It comes weekly without fail: the after-school or nap hours of 3 pm to 8 pm. The kids have rebounded every ounce of energy (can I get a smidge of that, please?), and sometimes you can’t help but count down the hours until bedtime. I’ve been both a stay-at-home mom and a full-time working mom, and either path brought the same feelings. While my heart craves connection with my kids in those hours before they are sweetly tucked in, my brain and body might scream for downtime.
It was easy for us to fall into the routine of walking in the door and immediately turning on the TV. Or, as soon as a kiddo walks out from naptime to ask, “What do you want to watch?” I found myself zoning out to the TV with them or scrolling my phone rather than spending quality time with my children. Don’t get me wrong; there are days and times when the TV is my best friend and a great tool for my parenting. But I was over it being a crutch in those evening hours and something my kids expected. It usually resulted in more outbursts (on both of our parts), later bedtimes, and overall more energy (on the kids’ part), and we needed a change.
Here are seven things to do after school instead of turning on the TV:
Create a daily or weekly ritual.
Maybe Mondays are board game days, Tuesdays are Taco Tuesdays, or Wednesdays are WrestleMania. Brainstorm ideas based on what your family loves and write them on the fridge calendar. Whatever rituals you decide on, they can be something consistent in your schedule to look forward to.
Play hide and seek.
This game might be changed for different age levels, but my younger boys love to play hide and seek! I sometimes count a lot slower than necessary or goof up the numbers as a joke to “waste” more time, but we always end up laughing and getting out some energy together.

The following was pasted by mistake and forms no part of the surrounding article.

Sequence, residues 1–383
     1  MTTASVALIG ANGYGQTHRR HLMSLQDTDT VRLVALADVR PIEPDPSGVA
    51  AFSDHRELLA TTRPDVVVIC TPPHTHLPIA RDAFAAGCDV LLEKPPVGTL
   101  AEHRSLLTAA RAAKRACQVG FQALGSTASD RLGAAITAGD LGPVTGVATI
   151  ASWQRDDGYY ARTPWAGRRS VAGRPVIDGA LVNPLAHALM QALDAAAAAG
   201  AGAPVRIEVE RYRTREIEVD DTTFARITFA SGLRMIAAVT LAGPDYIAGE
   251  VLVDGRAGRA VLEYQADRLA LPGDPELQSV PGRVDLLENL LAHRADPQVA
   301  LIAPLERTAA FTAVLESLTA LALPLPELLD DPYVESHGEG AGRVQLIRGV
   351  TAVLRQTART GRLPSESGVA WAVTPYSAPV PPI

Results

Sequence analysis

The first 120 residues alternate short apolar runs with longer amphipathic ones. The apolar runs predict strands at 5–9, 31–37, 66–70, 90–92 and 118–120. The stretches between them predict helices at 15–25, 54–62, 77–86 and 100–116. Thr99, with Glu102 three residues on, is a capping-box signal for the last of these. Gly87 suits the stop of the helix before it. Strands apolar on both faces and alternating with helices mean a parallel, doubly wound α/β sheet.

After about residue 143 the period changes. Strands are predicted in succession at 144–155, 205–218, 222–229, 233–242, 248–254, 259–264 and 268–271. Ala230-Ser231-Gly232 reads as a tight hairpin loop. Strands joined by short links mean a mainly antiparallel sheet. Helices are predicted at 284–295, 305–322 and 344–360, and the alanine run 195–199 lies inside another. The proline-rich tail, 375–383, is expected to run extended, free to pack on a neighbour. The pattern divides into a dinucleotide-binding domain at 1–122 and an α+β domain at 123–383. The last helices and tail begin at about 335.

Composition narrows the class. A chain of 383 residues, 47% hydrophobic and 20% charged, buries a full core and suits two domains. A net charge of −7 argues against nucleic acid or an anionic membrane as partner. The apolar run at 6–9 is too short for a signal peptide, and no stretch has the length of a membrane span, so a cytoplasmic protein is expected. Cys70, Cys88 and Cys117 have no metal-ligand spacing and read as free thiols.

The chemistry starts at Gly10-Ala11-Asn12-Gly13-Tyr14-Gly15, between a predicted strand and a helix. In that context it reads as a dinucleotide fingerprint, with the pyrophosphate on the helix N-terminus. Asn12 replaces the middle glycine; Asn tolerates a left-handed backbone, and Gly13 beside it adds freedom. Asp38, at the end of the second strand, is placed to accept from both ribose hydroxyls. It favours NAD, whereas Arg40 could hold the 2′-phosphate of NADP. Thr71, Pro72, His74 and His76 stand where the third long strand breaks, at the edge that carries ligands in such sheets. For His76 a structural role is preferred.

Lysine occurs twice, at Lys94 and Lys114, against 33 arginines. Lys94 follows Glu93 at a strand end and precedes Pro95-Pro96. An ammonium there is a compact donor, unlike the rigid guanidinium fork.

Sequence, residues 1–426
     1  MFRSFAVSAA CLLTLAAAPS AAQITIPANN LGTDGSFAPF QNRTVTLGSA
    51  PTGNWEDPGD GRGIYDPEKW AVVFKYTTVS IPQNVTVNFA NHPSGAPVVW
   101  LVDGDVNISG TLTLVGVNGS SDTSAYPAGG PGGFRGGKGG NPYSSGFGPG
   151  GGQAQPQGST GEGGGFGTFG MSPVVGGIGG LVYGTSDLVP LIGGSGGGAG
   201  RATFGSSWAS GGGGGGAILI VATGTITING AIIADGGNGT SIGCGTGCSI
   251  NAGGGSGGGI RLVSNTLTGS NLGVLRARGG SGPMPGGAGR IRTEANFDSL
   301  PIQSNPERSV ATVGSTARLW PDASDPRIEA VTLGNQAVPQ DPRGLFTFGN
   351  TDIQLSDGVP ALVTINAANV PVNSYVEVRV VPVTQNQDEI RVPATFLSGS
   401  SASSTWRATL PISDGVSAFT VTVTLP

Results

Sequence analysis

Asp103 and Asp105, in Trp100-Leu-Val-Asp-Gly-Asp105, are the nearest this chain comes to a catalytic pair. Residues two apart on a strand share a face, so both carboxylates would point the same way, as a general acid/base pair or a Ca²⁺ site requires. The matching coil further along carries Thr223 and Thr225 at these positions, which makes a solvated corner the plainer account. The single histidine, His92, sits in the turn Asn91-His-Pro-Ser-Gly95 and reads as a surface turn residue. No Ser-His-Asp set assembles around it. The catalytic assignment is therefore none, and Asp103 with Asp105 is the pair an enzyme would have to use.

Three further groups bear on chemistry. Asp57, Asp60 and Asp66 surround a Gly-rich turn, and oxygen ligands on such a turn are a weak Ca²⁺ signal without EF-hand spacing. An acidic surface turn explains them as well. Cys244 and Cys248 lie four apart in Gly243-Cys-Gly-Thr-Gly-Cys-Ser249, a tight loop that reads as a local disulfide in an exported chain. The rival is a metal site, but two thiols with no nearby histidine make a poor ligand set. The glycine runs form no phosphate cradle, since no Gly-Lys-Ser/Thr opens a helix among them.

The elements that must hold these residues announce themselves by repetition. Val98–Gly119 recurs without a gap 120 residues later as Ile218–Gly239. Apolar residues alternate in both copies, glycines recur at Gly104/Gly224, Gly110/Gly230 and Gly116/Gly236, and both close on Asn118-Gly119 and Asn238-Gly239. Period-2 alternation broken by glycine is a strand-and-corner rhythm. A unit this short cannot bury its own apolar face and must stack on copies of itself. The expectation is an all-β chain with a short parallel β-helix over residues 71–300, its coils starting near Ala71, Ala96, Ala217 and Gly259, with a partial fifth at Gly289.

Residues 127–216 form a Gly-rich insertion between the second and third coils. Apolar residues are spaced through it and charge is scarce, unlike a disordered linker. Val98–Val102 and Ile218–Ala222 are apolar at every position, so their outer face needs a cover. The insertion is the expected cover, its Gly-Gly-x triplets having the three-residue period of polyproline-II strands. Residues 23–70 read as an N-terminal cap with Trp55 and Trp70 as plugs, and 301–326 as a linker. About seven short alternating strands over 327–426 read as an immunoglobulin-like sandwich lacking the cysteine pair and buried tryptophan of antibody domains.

Bust out the sensory play.
Sensory play is one of my favorite activities because it keeps my kids occupied for longer than 10 minutes (which is like three hours in toddler time). I always have playdough, slime, or a themed sensory bin on hand. It’s an easy grab and (usually) an easy clean-up compared to getting out a gazillion craft supplies.
Make a snack.
Who can be in a bad mood after having a delicious snack? I know that I’m often hangry after work, and the kids act as if they’ve only been fed crumbs in the days before. Nothing cures that better than getting into the kitchen and grabbing some grub. Some days we create an elaborate feast of ants on a log with a mandarin orange sun and Pirate’s Booty clouds. Other days it’s a grab-from-the-Costco-snack-drawer kind of day. Either way, we’re all happier with full bellies.
Have a dance party.
Sometimes we turn on the TV for this one to jam to Kidz Bop music (“Whoomp! There It Is” is a current favorite). Or we’ll open up a special playlist on Spotify we’ve created together of songs we love. It’s a great way for kids to get their wiggles out after school and for me to release some of that built-up work stress. My kids love it so much more when I participate instead of being a bystander to their silliness.
Take a walk, or get outside.
Family walks, hikes, outdoor exploration, or good ol’ backyard playing are great times for connecting. We may visit a local park or grab the soccer ball to kick around. I’ve learned to embrace the weather in any season and love the chaos that can ensue outside the walls of our house. Fresh air does the body good.
Construct a fort.
We love to use our Nugget for this one. It’s an activity that never gets old for my one-year-old or my five-year-old. This one can also double as, “Mommy is going to rest her eyes in the fort while you play/read/brush my hair.” Win, win.